Hagle: Political identification and polls


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Several polls in battleground states over the last few weeks have shown gains for President Obama.

Several of these polls had many more respondents who self-identified as Democrats than Republicans. The imbalance in the respondents’ political identification caused many Republicans to complain that the polls were skewed.

Many reporters and pollsters dismissed these complaints out of hand. A few offered articles and extended explanations on why most pollsters do not try to balance the polls by party ID. Most voters probably don’t care about the specifics of polling but would like to know what basic things they should consider when evaluating polls. Let me offer four points to keep in mind.

First, and most important, polls do not represent truth. Reporters, particularly those on TV, will usually something along the lines of “poll results show candidate Jones is ahead.” This phrasing is understandable but incorrect. A poll obtains responses from a sample of the population to get an idea of what the population as a whole thinks about some issue or candidate. The results are not exact, which is why they are always reported with a margin of error. 

Second, the margin of error applies to each statistic in the results. Thus, if a poll has Jones at 45 percent and Smith at 41 percent with a margin of error of plus or minus 3 percent, it means 95 times out of 100 we would expect responses for Jones to be between 48 percent and 42 percent and for Smith to be between 44 percent and 38 percent. This is the 95 percent confidence interval. Of course, we also expect the results to be outside the margin 5 percent of the time. Sometimes those outlier polls are obvious, sometimes they are not.

Third, because polls do not represent true values, one cannot directly compare one poll with another even when they are by the same pollster. It’s even less appropriate to directly compare polls by different pollsters given the different methods and criteria they use to conduct their polls. That said, one can sometimes get a feel for a trend in a race if all the polls seem to be moving in the same direction at the same time.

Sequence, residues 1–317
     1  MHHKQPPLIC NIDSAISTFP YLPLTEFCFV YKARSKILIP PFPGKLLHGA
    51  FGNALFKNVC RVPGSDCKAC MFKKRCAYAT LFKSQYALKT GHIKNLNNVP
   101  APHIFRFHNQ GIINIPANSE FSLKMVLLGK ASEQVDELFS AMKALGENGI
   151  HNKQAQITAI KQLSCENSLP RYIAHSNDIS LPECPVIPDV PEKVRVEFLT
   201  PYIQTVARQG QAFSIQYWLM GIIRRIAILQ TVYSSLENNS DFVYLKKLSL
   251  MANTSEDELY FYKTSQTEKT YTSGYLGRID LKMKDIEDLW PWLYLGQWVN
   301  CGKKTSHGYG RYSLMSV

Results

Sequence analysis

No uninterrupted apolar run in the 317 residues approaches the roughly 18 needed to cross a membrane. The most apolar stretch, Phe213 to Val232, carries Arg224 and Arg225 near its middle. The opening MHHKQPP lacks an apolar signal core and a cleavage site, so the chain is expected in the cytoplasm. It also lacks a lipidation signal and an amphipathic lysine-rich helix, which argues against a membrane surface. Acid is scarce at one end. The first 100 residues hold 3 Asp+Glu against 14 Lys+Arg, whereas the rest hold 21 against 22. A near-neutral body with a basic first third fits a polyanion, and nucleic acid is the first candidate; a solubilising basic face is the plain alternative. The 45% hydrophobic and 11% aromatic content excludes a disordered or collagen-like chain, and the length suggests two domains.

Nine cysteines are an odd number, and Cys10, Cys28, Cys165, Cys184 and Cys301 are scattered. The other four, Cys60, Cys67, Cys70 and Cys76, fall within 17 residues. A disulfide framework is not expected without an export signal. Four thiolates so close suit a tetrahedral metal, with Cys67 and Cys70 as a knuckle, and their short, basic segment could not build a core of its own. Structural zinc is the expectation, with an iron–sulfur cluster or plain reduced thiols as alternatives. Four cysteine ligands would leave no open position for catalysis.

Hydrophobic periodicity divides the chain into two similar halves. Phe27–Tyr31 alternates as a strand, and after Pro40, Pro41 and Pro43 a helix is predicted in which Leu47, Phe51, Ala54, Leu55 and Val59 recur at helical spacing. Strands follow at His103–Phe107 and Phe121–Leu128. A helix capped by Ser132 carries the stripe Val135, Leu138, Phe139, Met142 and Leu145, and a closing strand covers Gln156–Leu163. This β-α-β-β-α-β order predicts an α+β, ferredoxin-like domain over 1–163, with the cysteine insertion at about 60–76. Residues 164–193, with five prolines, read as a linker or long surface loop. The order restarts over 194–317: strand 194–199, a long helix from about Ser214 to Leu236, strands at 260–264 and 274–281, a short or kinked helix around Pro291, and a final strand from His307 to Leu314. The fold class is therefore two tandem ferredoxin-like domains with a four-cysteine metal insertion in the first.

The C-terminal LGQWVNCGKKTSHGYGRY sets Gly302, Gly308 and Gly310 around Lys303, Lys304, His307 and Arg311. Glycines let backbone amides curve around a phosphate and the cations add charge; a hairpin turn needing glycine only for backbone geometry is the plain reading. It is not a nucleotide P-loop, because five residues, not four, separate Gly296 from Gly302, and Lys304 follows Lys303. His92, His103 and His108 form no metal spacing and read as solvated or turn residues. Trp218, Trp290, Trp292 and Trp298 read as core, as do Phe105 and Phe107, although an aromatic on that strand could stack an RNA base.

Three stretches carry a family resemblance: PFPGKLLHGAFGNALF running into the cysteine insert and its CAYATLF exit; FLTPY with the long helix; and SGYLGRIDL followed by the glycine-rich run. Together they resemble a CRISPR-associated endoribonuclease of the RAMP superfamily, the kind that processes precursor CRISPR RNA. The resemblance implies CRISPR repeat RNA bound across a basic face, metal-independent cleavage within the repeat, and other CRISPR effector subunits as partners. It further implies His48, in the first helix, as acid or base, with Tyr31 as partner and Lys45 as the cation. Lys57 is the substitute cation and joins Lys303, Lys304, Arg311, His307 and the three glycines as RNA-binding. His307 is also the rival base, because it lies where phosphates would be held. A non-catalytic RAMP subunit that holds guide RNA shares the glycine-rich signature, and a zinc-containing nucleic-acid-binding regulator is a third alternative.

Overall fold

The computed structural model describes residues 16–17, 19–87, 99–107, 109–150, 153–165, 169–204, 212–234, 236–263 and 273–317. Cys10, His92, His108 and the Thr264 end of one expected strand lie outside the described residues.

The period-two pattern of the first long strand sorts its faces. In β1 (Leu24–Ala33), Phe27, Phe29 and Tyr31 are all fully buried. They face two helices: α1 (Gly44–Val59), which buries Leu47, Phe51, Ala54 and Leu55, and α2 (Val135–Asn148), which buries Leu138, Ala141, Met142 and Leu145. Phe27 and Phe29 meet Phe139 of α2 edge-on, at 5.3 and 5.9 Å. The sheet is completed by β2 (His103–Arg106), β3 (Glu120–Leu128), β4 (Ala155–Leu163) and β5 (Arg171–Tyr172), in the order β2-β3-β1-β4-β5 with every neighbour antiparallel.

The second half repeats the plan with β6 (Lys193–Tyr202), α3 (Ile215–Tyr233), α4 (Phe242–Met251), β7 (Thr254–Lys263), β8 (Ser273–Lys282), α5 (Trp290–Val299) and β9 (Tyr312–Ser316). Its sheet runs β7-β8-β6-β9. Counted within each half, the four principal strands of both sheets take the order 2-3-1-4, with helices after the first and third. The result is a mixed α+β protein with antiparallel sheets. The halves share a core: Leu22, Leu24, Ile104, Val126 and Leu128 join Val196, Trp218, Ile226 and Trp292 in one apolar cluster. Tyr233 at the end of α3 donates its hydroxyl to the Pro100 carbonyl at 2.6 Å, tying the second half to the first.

Fourth, regardless of polls, turnout is the key. Pollsters are only sampling “likely voters” this close to Election Day, but who actually votes is always a big question. Pollsters use various techniques to balance the demographics of the respondents, but they have to take the person’s word that he or she plans to vote. In 2008, about 79 percent of Iowa’s registered Democrats and Republicans voted. In contrast, only about 61 percent of those registered as No Party voted. By age group, more than 80 percent of those 50 years old and above voted. At the other end of the scale, fewer than 60 percent of those 18 to 24 voted. Campaigns can outperform poll results by working hard to turn out groups that may include less reliable voters.

On the whole, polls can be useful to get a general sense of a race. In close races, however, their main value is to emphasize the need to focus on turnout.

Associate Professor Timothy Hagle
Follow on Twitter @ProfHagle

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